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Biological therapy for melanoma
Biological therapy is sometimes used to treat melanoma. It is also called biotherapy or biological response modifiers (BRMs).
Biological therapy uses natural or manufactured substances to kill, control or change the behaviour of cancer cells. Different types of biological therapies work in different ways.
Biological therapy may be used:
- to treat advanced melanoma
- as an adjuvant therapy for high-risk melanoma, including:
- melanoma that is 4 mm or thicker
- melanoma with in-transit metastases
- positive sentinel lymph nodes
- regional lymph node involvement
- regional lymph node recurrence
- stage IIB, IIC and III melanoma
- local melanoma recurrence (around original primary site)
Drugs, doses and schedules vary from person to person.
Biological therapy drugs
The most common biological therapy drugs used to treat melanoma are:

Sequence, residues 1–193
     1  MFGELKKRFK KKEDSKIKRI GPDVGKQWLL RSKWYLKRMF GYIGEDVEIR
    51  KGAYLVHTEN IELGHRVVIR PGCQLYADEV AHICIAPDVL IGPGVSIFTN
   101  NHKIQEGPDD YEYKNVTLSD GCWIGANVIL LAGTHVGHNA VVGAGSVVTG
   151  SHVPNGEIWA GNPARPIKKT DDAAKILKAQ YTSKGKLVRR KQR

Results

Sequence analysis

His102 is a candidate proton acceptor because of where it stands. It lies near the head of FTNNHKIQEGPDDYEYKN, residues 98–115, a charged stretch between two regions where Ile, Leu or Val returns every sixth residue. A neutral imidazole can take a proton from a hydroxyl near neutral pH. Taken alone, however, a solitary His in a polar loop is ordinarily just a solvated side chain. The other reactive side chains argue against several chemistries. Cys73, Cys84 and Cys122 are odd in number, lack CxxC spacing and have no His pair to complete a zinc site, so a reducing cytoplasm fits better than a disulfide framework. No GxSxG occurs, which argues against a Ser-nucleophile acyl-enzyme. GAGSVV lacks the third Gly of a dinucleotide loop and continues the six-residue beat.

- interferon alfa-2b (Intron A)
- Interferon is a type of protein that occurs naturally in the body to help fight infection or cancer. Interferon alfa can help boost the immune system to act against cancer cells.
- Adjuvant high-dose interferon may be given after surgery to reduce the risk of recurrence for melanoma that has been completely removed and has a high risk of recurrence.
- Interferon may also be used to treat advanced melanoma.
- intralesional Bacillus Calmette-Guérin (BCG)
- BCG may be used for local or regional metastasis as it is less toxic than systemic therapies. It is injected directly into the lesion.
- interleukin-2 (Aldesleukin, Proleukin)
- Interleukin-2 may be used to treat in-transit metastases or local recurrences in an arm or a leg. It is injected directly into individual lesions.
- Interleukin-2 may also be given by intravenous (IV) infusion to treat advanced or metastatic melanoma.
- ipilimumab (Yervoy)
- Ipilimumab is a monoclonal antibody that is used to treat melanoma that cannot be removed with surgery (unresectable) or metastatic melanoma. It is given by IV infusion.
For more detailed information on specific drugs, go to sources of drug information.
She knew that indoor tanning could pose serious health risks and this motivated her to push for a tan-free prom at her school.
Support from someone who has ‘been there’
The Canadian Cancer Society’s peer support program is a telephone support service that matches cancer patients and their caregivers with specially trained volunteers.